Table 2. A summary and rehabilitation examples at different stages of PD[48]
Stage of PD Early-Stage Mid-Stage Late-Stage
Care Paths Consultative, proactive therapy
  • 1-4 visits with 6-12 month re-evaluations
Restorative therapy
  • 2-4 visits/week for less than 4 months
Skilled Maintenance
  • 1 visit every 1-3 months ongoing
Example rehabilitation plan of care at each stage
  • Assess baseline functional ability
  • Delay onset of activity limitations and encourage continued activity via exercise prescription and coaching
  • Address fear of movement or falling
  • Improve physical capacity
  • Address pain
  • Assess functional ability
  • Prescribe exercise to address impairments
  • Address walking, balance, transfers, manual activities, and motor function problems
  • Train movement strategies
  • Assess function as needed
  • Support exercise to minimise reduction in physical capacity
  • Correct body posture in bed/wheelchair
  • Support periodic changes in position
  • Involve and support care partners and nursing staff in the interventions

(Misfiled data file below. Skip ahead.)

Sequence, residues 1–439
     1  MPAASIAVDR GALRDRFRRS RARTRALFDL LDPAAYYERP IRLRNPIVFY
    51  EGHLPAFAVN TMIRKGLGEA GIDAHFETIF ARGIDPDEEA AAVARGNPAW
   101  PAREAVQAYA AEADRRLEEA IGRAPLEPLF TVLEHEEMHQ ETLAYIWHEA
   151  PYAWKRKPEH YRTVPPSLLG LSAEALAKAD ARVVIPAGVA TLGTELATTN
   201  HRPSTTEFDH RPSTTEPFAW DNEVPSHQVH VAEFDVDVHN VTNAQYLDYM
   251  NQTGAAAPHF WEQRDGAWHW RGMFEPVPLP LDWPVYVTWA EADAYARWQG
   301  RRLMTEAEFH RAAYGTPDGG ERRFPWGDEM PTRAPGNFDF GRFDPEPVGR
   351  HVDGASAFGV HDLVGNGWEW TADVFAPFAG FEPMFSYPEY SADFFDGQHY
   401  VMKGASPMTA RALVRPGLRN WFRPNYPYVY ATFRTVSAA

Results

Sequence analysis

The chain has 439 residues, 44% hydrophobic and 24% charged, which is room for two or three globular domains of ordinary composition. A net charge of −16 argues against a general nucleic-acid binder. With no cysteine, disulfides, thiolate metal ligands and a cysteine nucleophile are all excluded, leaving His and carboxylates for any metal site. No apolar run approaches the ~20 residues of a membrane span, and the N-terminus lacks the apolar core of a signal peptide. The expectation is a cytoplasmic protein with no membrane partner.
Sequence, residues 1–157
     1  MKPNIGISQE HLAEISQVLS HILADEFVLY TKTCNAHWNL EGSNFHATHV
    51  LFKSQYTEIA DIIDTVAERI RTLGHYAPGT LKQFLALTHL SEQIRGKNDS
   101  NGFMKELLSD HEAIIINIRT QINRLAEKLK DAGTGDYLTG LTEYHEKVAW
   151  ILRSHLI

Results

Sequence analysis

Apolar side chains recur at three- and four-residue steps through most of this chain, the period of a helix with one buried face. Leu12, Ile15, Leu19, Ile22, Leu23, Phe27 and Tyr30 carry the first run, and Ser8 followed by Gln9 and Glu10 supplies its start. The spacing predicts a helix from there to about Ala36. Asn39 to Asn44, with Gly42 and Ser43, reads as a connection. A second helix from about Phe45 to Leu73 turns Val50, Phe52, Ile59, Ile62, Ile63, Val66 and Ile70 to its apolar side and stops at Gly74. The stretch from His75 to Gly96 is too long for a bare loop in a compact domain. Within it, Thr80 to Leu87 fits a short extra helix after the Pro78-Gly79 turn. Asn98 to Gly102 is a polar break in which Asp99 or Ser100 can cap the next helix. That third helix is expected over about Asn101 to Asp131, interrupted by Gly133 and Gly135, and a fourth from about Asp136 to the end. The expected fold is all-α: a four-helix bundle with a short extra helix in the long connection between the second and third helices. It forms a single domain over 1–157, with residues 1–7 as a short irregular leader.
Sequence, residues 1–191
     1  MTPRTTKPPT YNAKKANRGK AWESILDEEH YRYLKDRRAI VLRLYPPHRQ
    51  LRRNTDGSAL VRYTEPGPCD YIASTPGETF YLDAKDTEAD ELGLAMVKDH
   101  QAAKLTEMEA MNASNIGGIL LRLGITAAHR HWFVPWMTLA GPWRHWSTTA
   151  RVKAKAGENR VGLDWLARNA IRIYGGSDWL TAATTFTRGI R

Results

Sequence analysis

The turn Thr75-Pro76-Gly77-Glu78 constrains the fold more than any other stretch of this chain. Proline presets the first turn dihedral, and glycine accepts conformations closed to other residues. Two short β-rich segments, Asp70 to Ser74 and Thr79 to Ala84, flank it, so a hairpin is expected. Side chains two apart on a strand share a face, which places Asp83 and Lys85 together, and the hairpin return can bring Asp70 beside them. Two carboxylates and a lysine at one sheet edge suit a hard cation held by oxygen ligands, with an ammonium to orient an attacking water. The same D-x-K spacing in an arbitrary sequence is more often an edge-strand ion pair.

• Maintain vital functions; prevent complications such as pressure sores and contractures
Occupational therapy
  • Assess, and provide education and advice on motor and nonmotor symptoms
  • Provide education on continuing to participate in meaningful activities and occupations
  • Provide education on how to manage and adapt to future limitations with work, leisure, and activities of daily living (ADLs)
  • Assess motor and nonmotor symptoms
  • Improve and/or maintain ADL skills
  • Address difficulties with activities of daily living using PD-specific strategies
  • Modify activities and the environment to improve occupational performance
  • Assess symptoms as appropriate
  • Modify activities and environment to improve occupational performance
  • Use adaptations
  • Support care partners
Speech Language Therapy (Pathology)
  • Assess and advise on voice, swallowing, and cognition
  • Possible short, intensive treatment with LSVT if there is mild to moderate hypokinetic dysarthria
  • Assess and treat speech, swallowing, saliva control, and cognitive limitations
  • Improve vocal pitch and range with intensive treatment
  • Care partner training and support
  • Assess speech, swallowing, saliva control, and cognition
  • Advise and/or support the use of alternative communication for severe dysarthria
  • Instruct conversation partners in cues or strategies
  • Modify food consistency and educate on cues and safety for individuals with moderate to severe dysphagia

Resources[edit | edit source]

Patient Resources[edit | edit source]


Clinical Resources[edit | edit source]

References[edit | edit source]